Australian universities increase fees despite student protests

By Margaret Rees
7 April 2004

Nationwide protests against fee increases saw students occupy university premises in both Sydney and Melbourne on March 31, followed by further blockades and protests this week. Thousands of students joined last week’s demonstrations, including rallies in Brisbane, Adelaide, Hobart, Canberra and regional centres.

Despite the protests, 12 universities have already announced fee hikes that will become effective in 2005. All but three have imposed the maximum 25 percent rise in Higher Education Contribution Scheme (HECS) payments permitted by the Howard government’s Higher Education Reform Act, passed last December. Another 20 universities are yet to declare their position, but many are expected to opt for the maximum rise in order to offset crippling cuts in government funding.

In Sydney last week, state police used capsicum spray against 500 students who attempted to occupy the vice chancellor’s office at the University of Technology Sydney (UTS). Two students were arrested. Later 80 students occupied the Great Hall at UTS for several hours. After a state MP protested at the use of capsicum spray without warning, police spokesman Steve Thompson told the media it was appropriate to “give [protesters] a spray”.

In Melbourne, following a rally attended by around 1,000 students, a section of the crowd broke away and entered nearby RMIT university, where a decision is pending on fee increases. About 200 students entered the administration block, and some 100 students reached the seventh-floor vice chancellor’s office. Meanwhile, police and security staff violently cleared students from the ground floor foyer.

Upstairs, the occupying students barricaded themselves in with filing cabinets and bookshelves and formulated a series of demands for RMIT vice chancellor Ruth Dunkin, including that the university council decide not to increase fees and conduct a referendum of staff and students on the issue. Dunkin was contacted by phone, but insisted students had already been consulted and refused to negotiate.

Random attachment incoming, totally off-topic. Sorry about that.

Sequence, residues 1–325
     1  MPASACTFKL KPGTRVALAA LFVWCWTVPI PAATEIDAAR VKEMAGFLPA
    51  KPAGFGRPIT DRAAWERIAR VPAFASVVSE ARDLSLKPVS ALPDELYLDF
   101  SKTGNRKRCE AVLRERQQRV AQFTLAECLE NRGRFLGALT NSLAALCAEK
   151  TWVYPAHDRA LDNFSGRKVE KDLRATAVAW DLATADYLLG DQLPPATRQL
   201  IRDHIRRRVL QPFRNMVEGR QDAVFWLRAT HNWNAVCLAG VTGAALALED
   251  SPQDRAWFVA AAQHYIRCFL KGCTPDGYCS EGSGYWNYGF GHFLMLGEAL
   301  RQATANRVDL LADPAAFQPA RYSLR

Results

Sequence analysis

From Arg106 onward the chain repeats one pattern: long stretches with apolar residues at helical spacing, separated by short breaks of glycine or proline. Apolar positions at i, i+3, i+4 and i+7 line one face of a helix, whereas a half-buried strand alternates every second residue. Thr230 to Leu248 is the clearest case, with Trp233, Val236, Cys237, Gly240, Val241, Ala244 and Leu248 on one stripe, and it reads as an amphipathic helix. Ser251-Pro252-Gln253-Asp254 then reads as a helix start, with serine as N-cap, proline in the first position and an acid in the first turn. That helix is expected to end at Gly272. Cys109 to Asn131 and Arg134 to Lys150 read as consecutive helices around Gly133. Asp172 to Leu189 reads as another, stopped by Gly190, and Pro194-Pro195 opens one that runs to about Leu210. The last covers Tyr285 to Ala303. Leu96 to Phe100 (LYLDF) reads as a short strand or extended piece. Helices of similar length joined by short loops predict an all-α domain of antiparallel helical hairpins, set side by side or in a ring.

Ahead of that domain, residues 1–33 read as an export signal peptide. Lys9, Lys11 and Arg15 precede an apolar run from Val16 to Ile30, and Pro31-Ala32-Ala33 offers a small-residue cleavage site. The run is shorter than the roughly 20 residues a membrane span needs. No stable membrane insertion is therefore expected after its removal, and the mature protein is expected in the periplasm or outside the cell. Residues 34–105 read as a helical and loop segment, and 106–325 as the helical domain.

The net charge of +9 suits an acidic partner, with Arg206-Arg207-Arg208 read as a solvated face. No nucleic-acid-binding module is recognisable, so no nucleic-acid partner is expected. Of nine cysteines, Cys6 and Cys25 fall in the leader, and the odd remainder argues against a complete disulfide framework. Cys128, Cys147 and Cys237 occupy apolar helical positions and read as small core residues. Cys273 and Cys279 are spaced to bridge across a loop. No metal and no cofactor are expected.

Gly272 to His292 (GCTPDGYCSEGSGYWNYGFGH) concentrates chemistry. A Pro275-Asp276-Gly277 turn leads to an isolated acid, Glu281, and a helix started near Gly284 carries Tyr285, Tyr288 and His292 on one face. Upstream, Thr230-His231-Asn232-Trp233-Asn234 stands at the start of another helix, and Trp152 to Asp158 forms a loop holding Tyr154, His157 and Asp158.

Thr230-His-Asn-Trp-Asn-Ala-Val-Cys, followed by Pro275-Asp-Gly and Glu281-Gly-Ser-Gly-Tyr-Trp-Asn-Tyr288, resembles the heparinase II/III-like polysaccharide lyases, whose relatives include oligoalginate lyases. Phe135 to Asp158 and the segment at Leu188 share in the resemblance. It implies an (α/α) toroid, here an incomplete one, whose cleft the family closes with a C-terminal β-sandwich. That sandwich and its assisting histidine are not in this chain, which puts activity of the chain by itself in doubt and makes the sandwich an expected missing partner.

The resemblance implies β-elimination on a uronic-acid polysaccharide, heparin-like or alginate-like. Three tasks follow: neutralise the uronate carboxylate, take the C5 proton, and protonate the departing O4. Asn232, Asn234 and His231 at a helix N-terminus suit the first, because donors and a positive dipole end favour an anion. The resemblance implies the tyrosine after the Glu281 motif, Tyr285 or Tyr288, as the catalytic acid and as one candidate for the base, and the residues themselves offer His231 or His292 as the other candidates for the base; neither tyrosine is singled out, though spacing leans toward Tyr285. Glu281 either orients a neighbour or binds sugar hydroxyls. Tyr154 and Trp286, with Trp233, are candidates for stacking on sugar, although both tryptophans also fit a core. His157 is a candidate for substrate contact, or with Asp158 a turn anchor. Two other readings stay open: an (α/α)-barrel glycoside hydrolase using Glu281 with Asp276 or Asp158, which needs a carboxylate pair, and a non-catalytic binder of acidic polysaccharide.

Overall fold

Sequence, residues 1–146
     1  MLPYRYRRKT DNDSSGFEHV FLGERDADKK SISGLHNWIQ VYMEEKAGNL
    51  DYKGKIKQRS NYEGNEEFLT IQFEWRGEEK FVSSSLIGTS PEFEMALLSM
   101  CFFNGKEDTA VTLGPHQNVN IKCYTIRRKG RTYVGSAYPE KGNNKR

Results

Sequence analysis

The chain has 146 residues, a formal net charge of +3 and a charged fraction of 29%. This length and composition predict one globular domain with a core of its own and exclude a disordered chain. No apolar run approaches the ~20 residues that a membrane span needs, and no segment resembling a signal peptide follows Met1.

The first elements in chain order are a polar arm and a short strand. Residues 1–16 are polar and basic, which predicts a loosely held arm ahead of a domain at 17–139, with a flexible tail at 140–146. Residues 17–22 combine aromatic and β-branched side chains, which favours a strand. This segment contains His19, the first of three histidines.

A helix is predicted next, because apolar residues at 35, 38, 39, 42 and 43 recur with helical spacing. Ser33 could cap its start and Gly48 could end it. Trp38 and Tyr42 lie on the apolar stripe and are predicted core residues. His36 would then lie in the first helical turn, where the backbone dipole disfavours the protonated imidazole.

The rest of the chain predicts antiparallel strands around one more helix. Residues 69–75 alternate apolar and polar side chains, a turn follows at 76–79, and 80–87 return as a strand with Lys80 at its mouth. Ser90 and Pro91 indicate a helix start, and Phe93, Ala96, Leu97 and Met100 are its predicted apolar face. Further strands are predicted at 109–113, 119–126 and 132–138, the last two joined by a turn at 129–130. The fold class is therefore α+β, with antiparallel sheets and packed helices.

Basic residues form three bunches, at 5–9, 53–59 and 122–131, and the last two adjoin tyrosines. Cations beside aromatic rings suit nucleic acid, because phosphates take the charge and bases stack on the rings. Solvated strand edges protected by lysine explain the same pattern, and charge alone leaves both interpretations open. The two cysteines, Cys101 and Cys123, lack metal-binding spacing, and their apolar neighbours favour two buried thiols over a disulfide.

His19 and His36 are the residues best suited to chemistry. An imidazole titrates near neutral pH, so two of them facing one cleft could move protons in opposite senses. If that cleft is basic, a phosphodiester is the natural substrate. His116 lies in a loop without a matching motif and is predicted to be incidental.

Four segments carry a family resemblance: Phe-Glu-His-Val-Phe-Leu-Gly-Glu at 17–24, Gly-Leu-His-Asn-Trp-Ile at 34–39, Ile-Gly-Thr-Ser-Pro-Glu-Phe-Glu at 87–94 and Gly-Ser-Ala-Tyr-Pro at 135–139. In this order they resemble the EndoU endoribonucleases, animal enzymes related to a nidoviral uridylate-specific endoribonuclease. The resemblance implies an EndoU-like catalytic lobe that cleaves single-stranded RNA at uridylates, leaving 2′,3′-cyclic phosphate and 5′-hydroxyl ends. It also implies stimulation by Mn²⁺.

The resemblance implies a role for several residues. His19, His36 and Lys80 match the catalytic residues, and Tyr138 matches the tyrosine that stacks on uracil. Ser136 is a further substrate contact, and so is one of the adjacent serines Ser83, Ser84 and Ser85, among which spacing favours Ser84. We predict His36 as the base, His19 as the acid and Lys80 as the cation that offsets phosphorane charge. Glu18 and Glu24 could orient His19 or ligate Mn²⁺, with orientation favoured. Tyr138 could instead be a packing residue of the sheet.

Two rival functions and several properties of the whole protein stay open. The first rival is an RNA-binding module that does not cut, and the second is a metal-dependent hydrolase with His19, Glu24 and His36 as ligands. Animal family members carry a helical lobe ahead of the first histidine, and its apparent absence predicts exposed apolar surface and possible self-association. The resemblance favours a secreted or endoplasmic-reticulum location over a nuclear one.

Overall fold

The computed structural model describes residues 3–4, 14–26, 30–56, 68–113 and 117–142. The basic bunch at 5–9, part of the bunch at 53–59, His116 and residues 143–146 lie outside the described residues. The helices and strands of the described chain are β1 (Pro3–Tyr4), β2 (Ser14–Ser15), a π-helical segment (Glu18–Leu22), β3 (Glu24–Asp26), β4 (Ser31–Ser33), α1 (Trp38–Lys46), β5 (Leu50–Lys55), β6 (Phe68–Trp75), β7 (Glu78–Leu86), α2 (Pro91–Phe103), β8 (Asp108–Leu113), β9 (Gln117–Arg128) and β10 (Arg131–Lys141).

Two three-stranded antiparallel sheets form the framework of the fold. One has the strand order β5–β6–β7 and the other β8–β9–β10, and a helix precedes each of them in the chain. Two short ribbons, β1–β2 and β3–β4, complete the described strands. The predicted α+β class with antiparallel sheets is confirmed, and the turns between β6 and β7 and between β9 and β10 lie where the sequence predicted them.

The occupation continued for about seven hours until police surged into the chancellery. The remaining 70 students formed a line chanting, “No fees for degrees” while baton-wielding police dragged individual students away. Police elbowed and kicked Radio 3AW journalist Ahron Young, angry that a media representative was recording their actions. “They definitely used unnecessary force, and had removed their name badges,” he said.

The students were eventually herded down the stairwells, as they linked arms and kept chanting. At the bottom of the stairs, police demanded their names and addresses, but the students refused and were allowed to leave the building without arrests. Police evicted another group of 25 students who had occupied the RMIT library.

While police media spokesman Kevin Loomes denied there was “unnecessary” force, Yorran Pelekanakis, a first year student at Melbourne University, described the police actions to WSWS.

“The police dragged me out of the lift and assaulted me. They pushed me against the wall and then pushed me to the ground. I was bleeding from an injury to the head. I wanted to get down the stairs, but I wasn’t going fast enough, so they pushed me. There was a policeman on a horse outside. I tried to get away, but he smashed my head against the wall. The police refused to call an ambulance. When an ambulance did come down, I was able to get inside, and was told I could need stitches.”